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Blood sugar monitors are 'life savers' for diabetics – but can they help everyone else too?

Wearable blood sugar monitors have been life-saving for people with diabetes. Now, some companies are trying to repurpose them as a health tool for everyone.

The growth in popularity of the monitors among people without the condition has accelerated in recent years.

Zoe, a company selling the monitors in the UK, had more than 200,000 people on their waiting list in 2022 and currently has more than 100,000 users.

Lingo, which was launched in 2023, is a wearable device for non-diabetics, produced by Abbott, the American pharmaceutical company behind the world’s most-used glucose monitor for diabetes.

But access to the data comes at a cost.

The monitors have been a lifesaver
Image:
The monitors have been life-saving for diabetics

Lingo users pay around £300 for two months to receive suggestions for their eating and exercise, such as which foods to eat and in what order, based on their body’s reaction to different foods.

Zoe users pay around £25-£60 a month after an upfront cost of just under £300.

Sarah Tan, Lingo’s general manager for Europe, said: “The way it works is you have the biosensor on your arm, it transmits your glucose levels in real time to your smartphone, and then you get small tips and insights as to how you can make small changes to your every day and create long-lasting habits so that you can feel better, have more energy, improved mood.”

The aim of tracking your blood sugar levels is to limit “spikes”, which can happen after eating foods dense in sugar or carbohydrates, a lack of physical activity or several other factors.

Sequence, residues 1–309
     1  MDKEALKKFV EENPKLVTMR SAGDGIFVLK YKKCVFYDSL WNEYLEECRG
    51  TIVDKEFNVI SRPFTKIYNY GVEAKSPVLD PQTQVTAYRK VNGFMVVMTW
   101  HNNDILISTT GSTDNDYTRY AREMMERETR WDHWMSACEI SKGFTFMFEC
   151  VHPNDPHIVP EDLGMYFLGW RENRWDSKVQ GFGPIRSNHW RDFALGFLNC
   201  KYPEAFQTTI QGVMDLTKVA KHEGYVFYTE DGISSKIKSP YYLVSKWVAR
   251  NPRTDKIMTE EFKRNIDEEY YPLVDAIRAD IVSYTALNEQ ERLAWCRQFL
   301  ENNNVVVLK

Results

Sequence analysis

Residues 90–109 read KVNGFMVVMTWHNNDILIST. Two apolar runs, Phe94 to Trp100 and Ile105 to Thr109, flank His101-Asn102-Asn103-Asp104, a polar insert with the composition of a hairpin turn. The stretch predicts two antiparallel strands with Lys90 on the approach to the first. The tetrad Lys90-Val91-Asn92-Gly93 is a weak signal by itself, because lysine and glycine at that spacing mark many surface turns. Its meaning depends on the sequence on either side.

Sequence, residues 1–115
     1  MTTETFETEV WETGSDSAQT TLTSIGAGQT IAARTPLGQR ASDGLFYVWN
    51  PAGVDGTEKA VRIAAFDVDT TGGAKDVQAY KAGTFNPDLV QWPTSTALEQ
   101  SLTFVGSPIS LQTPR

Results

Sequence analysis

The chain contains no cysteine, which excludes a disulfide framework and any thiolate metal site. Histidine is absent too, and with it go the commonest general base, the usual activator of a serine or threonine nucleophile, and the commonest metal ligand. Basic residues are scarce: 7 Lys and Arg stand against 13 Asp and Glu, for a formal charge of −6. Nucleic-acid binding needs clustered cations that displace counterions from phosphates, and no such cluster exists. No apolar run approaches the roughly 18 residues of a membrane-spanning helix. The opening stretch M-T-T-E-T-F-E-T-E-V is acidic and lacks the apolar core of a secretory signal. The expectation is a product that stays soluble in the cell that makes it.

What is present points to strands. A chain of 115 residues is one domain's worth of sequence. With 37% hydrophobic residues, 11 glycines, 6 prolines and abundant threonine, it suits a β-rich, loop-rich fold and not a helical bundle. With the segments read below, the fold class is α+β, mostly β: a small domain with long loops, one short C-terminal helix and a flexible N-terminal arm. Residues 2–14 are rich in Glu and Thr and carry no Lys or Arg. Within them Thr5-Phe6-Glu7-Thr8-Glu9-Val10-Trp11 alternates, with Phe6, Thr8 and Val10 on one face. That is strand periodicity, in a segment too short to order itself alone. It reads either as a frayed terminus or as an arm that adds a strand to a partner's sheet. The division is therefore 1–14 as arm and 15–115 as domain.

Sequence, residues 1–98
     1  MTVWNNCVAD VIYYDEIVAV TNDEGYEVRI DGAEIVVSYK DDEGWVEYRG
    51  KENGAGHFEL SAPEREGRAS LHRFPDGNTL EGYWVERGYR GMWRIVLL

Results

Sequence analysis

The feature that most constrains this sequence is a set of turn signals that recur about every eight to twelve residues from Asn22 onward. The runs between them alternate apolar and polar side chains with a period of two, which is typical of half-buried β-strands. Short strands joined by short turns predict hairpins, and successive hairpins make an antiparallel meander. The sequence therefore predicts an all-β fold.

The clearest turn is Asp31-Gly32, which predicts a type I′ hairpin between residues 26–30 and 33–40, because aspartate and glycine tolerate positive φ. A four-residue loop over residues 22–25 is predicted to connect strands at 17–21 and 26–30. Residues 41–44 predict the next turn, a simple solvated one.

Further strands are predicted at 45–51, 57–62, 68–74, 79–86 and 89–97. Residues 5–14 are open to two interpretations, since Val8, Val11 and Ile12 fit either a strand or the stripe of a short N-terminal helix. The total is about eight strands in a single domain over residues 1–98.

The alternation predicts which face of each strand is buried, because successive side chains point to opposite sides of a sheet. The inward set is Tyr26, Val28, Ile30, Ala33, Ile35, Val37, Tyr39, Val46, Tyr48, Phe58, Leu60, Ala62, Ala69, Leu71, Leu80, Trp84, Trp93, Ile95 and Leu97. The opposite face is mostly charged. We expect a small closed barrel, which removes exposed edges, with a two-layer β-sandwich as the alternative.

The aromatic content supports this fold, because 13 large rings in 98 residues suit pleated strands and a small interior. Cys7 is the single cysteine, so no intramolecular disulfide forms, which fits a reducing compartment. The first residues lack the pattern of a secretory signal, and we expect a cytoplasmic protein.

For people living with diabetes – a condition that causes blood sugar levels to become too high – the monitors help them track and manage their blood glucose.

The apps can monitor glucose levels in real time
Image:
The apps can monitor glucose levels in real time

But the use of the monitors, in an effort to control the metabolism and overall health for people without diabetes, has raised concern among some doctors.

Dr Shivani Misra, a diabetes consultant at Imperial College London, said: “By overly focusing on one aspect of your metabolism, i.e. glucose, an individual might be neglecting all of the other aspects of their metabolism and health.”

She added: “For example, blood pressure, cholesterol levels or weight – or there are so many other things that incorporate how we feel about our health.”

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The Lingo package
Image:
The Lingo package

A spokesperson for Lingo said glucose is currently the only metabolic marker that can be tracked in real time but the company is working on incorporating others into its products.

The firm said: “Lingo has a product pipeline of other metabolic markers including ketones and lactate that are incredibly informative for tracking nutritional ketosis, fasting, exercise intensity and fitness.”

A representative for Zoe said the monitor measures blood glucose, blood fat, gut microbiome composition, diet quality and personal history.

They said: “We use all of these measures to provide personalised advice which we have shown improves many measures of health in our randomised controlled trial.”

They added that Zoe would advocate more research into whether wearing continuous glucose monitors can improve the health of people without diabetes.

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